As we indicated in an earlier post, the Office of Management and Budget (OMB) was accepting comments through Feb. 22, 2011, on a proposed rule by the National Labor Relations Board (NLRB). The rule would require all private employers to post a notice informing employees of their National Labor Relations Act (NLRA) rights.

Of the more than 4,000 comments received by the OMB a week before the deadline, many of them questioned whether the NLRB has the authority to issue this rule since the NLRA contains no provisions regarding a mandatory posting. A good portion of comments also questioned the actual content of the poster, particularly the fact that it doesn’t address the negative aspects of joining a union.

In related news, a House subcommittee recently held a hearing to examine the direction of the NLRB, including certain decisions and initiatives that may have overstepped the agency’s boundaries. In addition to criticisms against the role that organized labor has played in recent years, a prevailing theme at the hearing was the appropriateness of the proposed NLRA posting. Many of the unfavorable comments echoed those received by the OMB during the 60-day comment period.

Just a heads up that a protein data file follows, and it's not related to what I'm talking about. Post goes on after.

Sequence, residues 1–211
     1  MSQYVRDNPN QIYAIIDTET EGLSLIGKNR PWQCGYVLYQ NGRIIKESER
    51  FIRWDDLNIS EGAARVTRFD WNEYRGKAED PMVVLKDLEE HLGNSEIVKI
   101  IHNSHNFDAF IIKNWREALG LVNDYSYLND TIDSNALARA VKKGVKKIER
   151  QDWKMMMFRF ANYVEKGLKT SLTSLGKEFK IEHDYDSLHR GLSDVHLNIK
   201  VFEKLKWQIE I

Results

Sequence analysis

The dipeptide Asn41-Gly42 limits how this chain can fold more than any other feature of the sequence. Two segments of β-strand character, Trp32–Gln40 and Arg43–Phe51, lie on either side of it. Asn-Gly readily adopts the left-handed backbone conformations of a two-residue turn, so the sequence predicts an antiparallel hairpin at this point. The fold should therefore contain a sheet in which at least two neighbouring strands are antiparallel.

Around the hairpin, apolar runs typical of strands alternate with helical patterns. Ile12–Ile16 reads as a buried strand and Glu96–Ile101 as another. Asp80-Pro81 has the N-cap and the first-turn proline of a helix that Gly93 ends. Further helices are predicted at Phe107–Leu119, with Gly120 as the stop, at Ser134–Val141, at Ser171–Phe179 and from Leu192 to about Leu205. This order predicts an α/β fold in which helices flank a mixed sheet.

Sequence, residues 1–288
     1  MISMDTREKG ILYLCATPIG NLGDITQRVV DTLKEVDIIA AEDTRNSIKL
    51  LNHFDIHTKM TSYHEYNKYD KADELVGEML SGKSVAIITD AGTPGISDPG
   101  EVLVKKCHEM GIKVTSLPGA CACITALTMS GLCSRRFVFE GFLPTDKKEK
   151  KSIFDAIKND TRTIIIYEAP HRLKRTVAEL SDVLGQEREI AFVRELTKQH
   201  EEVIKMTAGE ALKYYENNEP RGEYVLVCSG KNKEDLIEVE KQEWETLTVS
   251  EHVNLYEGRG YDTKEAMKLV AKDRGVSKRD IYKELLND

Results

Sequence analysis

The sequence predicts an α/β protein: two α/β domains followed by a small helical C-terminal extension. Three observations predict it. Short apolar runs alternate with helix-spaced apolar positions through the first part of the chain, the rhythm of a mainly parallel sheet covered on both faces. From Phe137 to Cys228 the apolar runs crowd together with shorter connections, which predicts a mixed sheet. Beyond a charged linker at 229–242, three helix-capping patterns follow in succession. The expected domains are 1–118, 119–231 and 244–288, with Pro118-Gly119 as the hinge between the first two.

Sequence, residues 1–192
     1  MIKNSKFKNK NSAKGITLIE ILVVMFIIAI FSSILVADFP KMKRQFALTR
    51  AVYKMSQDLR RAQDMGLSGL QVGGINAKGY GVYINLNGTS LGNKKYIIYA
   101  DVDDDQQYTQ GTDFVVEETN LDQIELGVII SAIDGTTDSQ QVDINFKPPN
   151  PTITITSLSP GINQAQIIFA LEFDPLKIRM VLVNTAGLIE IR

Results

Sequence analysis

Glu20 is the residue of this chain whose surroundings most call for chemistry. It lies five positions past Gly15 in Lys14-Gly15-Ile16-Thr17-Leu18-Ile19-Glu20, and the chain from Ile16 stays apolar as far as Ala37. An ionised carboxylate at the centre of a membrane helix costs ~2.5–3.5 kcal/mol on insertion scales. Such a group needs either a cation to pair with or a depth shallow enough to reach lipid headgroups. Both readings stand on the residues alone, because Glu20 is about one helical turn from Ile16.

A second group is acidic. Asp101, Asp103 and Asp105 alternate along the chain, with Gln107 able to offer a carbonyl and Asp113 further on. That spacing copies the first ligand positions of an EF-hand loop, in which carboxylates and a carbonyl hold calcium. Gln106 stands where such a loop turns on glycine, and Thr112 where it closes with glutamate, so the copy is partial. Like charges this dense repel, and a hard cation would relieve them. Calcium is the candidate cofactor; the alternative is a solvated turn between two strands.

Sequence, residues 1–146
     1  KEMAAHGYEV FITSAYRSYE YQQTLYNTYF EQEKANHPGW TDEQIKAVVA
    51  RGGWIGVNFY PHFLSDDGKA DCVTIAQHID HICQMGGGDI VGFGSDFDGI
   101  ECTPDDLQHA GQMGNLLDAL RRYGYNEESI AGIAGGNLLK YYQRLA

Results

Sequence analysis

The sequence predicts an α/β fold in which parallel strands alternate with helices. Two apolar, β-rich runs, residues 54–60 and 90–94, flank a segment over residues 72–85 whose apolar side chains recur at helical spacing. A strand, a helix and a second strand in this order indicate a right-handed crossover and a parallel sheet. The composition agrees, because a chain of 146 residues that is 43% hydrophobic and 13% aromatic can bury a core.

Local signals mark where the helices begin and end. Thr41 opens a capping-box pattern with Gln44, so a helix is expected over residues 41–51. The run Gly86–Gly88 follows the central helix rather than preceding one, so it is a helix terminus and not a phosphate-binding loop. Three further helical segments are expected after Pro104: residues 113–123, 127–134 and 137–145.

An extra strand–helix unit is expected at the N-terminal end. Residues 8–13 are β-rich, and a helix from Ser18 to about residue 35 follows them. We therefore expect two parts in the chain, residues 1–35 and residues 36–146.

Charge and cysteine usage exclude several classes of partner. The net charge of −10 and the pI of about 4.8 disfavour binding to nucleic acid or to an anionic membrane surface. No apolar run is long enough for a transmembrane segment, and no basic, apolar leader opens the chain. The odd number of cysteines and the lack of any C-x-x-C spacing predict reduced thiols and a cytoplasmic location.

After the hearing, NLRB Chairman Wilma Liebman stated:

“The most significant ‘emerging trend’ at the NLRB is that the agency is coming back to life after a long period of dormancy. … We are actively seeking input from practitioners and from the public, by inviting briefs for important cases that are under review, and by using the process of federal rulemaking to seek comments on one potential change intended to inform American employees of their statutory workplace rights.”

Now that the comment period is over, the NLRB has 90 days to review the public comments and issue a final rule. Stay tuned for continued updates on the proposed rule and whether a mandatory Federal poster is released as a result (most likely by this summer).